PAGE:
EPA fails to develop tools to measure livestock air emissions
Dickinson County leaders are asking for a temporary moratorium on new animal-confinement operations.
After 11 years, the U.S. Environmental Protection Agency has failed to come up with the tools needed to measure whether large animal-feeding operations are exceeding federal air pollution standards, according to an EPA inspector general's report released this week.
That delay has left nearly 14,000 livestock facilities largely exempt from federal air emission oversight, and residents living near those facilities unprotected from harmful emissions that include ammonia and hydrogen sulfide, environmental groups say.
"It's another example that the EPA, through more than one administration, has really been afraid to take on the livestock industry," said Wally Taylor, an attorney for the Sierra Club's Iowa Chapter.
The EPA blamed the delays on problems with data collected through an industry-backed air-monitoring study and a "lack of expertise and resources" to develop the air-emission measurement methodologies, among other issues, according to the report.
"EPA needs to finish this process," said Tarah Heinzen, an attorney at Food & Water Watch, a Washington, D.C., environmental group. "Either determine it cannot issue methodologies ... or come up with methodologies ... and bring this industry into compliance with" the Clean Air Act.
It's an important issue in Iowa, a national leader in hog, egg and cattle production.
Environmental groups have been fighting for greater state and federal oversight of the concentrated feeding operations.
Residents living near large confinements and feed lots complain about odor and flies, and fear nitrates from manure applied to crops will leave farm fields and pollute their drinking water.
On Sept. 18, 2017, the Iowa Environmental Protection Commission denied a petition that would have made it tougher for animal-feeding operations to be built in Iowa.
“This industry has too much power over the agencies tasked with protecting us, and people are sick of corporate ag calling the shots,” said Jess Mazour, organizer with Iowa Citizens for Community Improvement.
Comment from the Iowa Pork Producers and the Cattlemen's Association wasn't immediately available.
The Iowa Poultry Association said "maintaining good air quality is a priority for Iowa’s egg farmers," but it declined to comment on EPA's efforts until further decisions are made about how to measure animal feeding operation air emissions.
EPA estimates 18,000 large animal-feeding operations nationwide "potentially emit air pollutants in high-enough quantities to subject these facilities to (the) Clean Air Act," and other requirements.
Some facilities could be required to add emission controls, the report said.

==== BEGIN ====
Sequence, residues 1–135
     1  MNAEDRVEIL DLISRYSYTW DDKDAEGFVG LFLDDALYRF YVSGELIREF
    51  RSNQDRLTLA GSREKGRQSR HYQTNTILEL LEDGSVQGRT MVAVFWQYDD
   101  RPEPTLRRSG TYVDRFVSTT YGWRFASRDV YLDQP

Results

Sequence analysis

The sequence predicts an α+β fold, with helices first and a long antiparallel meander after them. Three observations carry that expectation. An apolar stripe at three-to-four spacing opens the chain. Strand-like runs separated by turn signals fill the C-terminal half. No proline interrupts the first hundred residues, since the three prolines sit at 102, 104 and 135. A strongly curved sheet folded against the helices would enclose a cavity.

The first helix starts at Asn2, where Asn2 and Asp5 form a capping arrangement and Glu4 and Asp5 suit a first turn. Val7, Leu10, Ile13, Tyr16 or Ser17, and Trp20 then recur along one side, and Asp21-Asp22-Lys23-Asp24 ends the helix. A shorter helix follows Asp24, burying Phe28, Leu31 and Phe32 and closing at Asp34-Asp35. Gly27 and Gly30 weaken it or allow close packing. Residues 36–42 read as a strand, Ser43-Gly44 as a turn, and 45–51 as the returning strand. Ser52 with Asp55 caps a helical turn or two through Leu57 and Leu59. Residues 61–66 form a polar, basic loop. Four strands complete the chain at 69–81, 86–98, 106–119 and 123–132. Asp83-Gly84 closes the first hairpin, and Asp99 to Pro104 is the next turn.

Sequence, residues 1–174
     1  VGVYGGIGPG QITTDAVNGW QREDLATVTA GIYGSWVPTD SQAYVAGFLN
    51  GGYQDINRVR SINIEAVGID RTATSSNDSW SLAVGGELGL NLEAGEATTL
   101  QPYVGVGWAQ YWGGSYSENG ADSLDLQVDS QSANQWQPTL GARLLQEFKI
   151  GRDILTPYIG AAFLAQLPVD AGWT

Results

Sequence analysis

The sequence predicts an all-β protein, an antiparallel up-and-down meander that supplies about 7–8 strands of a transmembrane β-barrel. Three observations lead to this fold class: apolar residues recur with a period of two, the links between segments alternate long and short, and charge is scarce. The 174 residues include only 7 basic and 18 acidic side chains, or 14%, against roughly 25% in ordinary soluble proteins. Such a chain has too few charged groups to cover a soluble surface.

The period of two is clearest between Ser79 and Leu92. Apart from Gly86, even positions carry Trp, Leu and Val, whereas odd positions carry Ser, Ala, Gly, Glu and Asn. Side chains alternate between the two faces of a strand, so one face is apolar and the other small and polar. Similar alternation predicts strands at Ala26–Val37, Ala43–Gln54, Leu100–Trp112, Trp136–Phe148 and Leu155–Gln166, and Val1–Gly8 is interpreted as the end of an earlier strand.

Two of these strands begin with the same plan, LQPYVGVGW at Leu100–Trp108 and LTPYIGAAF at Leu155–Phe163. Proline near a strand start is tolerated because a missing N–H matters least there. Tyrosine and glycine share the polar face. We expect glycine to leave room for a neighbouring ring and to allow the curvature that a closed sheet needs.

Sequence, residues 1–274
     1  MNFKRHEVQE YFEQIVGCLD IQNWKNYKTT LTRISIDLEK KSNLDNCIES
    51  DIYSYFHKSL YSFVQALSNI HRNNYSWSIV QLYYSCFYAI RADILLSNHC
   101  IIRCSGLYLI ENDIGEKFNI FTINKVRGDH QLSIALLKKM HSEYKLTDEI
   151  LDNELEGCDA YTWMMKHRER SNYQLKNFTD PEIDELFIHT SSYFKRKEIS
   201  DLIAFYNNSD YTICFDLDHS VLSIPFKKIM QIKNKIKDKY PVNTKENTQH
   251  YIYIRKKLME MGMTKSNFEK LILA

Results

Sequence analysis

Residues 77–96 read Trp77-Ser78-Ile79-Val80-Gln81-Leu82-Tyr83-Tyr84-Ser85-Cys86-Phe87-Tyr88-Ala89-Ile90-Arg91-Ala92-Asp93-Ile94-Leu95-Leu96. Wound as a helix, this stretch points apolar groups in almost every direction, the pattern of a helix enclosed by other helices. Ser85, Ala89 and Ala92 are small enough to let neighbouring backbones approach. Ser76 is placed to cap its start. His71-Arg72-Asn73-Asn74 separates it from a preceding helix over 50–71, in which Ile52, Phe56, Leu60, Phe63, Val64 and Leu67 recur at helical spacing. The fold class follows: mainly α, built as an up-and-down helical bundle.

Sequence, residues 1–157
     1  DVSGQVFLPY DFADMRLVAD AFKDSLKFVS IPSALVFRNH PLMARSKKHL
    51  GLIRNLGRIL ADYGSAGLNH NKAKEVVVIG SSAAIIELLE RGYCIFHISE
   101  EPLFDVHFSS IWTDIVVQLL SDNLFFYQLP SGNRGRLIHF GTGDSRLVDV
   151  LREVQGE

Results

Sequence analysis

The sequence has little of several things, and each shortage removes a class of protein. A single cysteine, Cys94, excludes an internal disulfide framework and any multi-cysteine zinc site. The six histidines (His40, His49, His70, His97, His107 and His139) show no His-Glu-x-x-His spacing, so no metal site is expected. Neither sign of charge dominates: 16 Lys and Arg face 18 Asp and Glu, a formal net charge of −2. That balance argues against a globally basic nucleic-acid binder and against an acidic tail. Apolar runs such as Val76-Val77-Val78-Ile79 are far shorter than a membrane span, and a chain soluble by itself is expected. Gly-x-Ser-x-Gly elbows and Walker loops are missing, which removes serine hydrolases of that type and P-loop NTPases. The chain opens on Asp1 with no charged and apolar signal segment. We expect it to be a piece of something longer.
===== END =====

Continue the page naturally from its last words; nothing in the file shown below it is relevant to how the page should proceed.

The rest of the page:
Ammonia, one of the potentially harmful emission coming from livestock facilities, can cause severe cough and chronic lung disease, according to the report.
The EPA's efforts began in the late 1990s, when the agency recognized it lacked the data needed to measure animal-feeding operations' air emissions, the report said.
Measuring air emissions can be complex since they can come from several sources — such as confinements, manure storage facilities and fields applied with manure.
In 2005, the EPA and the livestock industry reached an agreement: Producers would fund an air-emissions study and the EPA would not sue participating livestock operations for clean air violations.
The air monitoring study, which cost $15 million, was completed in 2010, and EPA released an emission measurement draft in 2012.
But a scientific board said the study data wasn't strong enough to be broadly applied outside the study group, which included 27 facilities.
By 2013, the EPA halted most work on developing air-emission measuring tools, the report said.
"According to EPA managers, the agency in recent years did not have staff with combined expertise in agricultural emissions, air quality and statistical analysis," the EPA inspector general's office said.
"It's frustrating that EPA hasn’t hired the expertise needed to carry out its duties under bedrock environmental laws," especially since the livestock industry has "broad air and water pollution impacts," Heinzen said.
Taylor, the Sierra Club attorney, doubts the EPA lacks the expertise to measure livestock operation emissions.
"They can measure emissions from everything else," he said. "It's important that (the) EPA take this seriously."
The inspector general's report said several important EPA actions have been on hold pending air emission measurement tool development.
The EPA agreed to adopt the inspector general's recommendations.